There are a number of strategies that have been employed historically and that are no doubt on the table in the upcoming elections. I wrote in a previous piece the trials through which North Carolina voters are going with the implementation of the photo ID requirements of citizens in order to vote. 218,000 registered voters in the state lack government-issued photo identification in order to cast their votes such as if they are non-drivers and are unable to navigate the labyrinthian system that is the acquisition of a government ID card, which itself requires a passport or a birth certificate and accompanies a cost that amounts to a poll tax.
There is an additional measure that can be exploited, and to which relatively few have paid as much attention: time off on Election Day to vote. An increasing number of states allow voting by mail or have other early voting or absentee voting procedures in place, which have the benefit of flexibility with respect to voting scheduling as well as reducing the length of lines on Election Day. Other states have various different procedures to permit employees to leave work for some period of time in order to vote. Some states require that employers provide employees with two hours of paid leave to vote, others three hours of paid leave, and others do not require that the leave be paid but do require that there not be retribution as a consequence of taking that time off.
The State of Missouri allocates three hours for employees, who with prior permission from their employer are entitled to paid leave for that period of voting time. Needless to say, such laws disproportionately impact non-exempt employees (that is, those working for an hourly wage), which in many cases garner less income than do salaried positions, and thus having a disproportionate impact on those who are less wealthy or economically stable.
On April 5, 2016, local elections and bond measures were voted on in Missouri, with this type of election admittedly already low in turnout given that the state’s presidential primary was held just weeks earlier on March 14. Despite Missouri’s election laws, there was confusion among the hospital staff at SSM Saint Mary’s as to their ability to take time off to vote and with what degree of notice it would be required. Compounding the confusion was the fact that election times had to be extended due to precincts running out of ballots, in turn requiring an adjustment in allotted time off from work, with some voters ultimately unable to make it to their polling places. The election was not widely publicized and thus many were uninformed of its presence, let alone the intricacies of Election Day voting laws (especially when working 7am to 7pm shifts that cover virtually the entire time that the polls are open), and this case was merely anecdotal evidence.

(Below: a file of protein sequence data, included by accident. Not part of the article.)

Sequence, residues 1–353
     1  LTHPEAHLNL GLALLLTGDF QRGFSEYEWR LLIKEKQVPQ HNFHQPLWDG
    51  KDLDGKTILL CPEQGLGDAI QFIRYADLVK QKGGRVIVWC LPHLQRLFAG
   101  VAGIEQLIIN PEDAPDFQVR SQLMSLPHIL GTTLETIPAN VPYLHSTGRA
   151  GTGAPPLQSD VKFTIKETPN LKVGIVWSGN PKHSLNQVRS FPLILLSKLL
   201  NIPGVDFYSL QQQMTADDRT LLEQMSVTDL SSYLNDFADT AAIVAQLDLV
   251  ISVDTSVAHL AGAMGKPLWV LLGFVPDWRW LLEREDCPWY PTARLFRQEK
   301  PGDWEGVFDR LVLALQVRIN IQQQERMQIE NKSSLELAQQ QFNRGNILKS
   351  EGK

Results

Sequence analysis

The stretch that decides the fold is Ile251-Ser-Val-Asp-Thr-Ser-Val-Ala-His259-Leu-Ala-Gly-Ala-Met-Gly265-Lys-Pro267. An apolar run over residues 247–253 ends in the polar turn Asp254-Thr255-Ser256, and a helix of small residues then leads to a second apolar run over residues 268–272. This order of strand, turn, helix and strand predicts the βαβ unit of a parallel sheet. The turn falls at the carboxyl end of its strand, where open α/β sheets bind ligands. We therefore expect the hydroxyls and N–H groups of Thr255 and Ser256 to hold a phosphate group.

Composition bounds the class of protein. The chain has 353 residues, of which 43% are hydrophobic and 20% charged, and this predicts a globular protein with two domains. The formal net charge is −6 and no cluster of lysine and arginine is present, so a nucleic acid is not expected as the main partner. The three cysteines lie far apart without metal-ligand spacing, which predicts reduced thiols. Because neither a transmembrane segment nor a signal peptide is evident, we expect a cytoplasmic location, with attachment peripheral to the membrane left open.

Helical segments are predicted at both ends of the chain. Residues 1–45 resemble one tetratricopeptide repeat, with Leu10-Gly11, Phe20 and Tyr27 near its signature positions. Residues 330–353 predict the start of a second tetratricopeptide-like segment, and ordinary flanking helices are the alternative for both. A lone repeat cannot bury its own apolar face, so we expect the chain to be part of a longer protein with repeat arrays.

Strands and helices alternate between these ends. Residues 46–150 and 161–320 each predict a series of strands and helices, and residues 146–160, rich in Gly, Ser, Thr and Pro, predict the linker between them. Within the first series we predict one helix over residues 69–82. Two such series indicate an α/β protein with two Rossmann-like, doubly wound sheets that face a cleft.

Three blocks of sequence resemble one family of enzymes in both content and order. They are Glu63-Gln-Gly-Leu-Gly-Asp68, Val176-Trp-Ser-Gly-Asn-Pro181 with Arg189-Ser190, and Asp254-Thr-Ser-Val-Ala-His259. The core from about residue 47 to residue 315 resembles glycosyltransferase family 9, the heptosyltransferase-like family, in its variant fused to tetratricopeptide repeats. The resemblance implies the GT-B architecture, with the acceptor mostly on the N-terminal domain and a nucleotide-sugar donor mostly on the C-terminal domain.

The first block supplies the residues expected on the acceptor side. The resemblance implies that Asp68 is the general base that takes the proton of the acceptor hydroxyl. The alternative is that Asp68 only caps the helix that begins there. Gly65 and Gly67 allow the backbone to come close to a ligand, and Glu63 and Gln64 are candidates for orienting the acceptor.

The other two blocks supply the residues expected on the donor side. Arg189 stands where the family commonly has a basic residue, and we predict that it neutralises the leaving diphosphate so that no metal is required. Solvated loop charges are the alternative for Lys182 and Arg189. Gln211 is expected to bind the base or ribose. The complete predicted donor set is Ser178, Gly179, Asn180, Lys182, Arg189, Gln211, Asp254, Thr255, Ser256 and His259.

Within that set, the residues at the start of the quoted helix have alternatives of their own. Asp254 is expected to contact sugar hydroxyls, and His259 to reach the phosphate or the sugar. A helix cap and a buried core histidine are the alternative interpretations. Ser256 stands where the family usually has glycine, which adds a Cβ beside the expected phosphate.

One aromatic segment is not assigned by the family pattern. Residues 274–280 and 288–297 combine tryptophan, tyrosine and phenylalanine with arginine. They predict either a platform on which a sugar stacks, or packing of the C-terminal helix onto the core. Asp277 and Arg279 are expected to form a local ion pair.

However isolated this incident of inability to vote was and however ripe the conditions were for voters to lack the tools with which to assert their voting rights at work, it may well be a more pervasive challenge that goes undocumented if workers themselves are not cognizant of the hours to which they are in fact entitled to vote in their state, and thus know neither their ability to challenge their employer’s behavior nor to report that behavior to election monitors. The lack of information regarding election laws among the American electorate (made all the more complicated by the extensive state-level variation in rights and protections) makes these sorts of malpractices (e.g., a company making it difficult for their employees to vote on Election Day and not allowing for added time in the more densely populated regions that can accrue several-hour long lines) all the more likely, or at a minimum all the more possible.
One solution is to make Election Day a federal holiday or on a weekend (as is the case in some countries abroad such as France, Germany, and New Zealand), which would not solve the photo ID challenges, but which would preclude voters from facing the undemocratic trade-off of political participation versus needed income. The setback to such a remedy is, of course, the political reality that the present and increasing constraints on voting disproportionately benefit one political party, that which controls Congress currently. However, this is not an issue – or should not be an issue of partisanship but rather of process. Republican Representative Jim Sensenbrenner wrote recently that he would rather lose an election than suppress votes in order to win. I call upon members of both parties to promote further transparency with respect to voting rights and eligibility, and greater accountability with respect to those individuals and entities that are not compliant. Maximizing access to the ballot box and helping voters to avoid fearing being penalized for taking time to participate in the democratic process – arduous though we make it at times – is truly the least that we can do while calling ourselves a great democracy.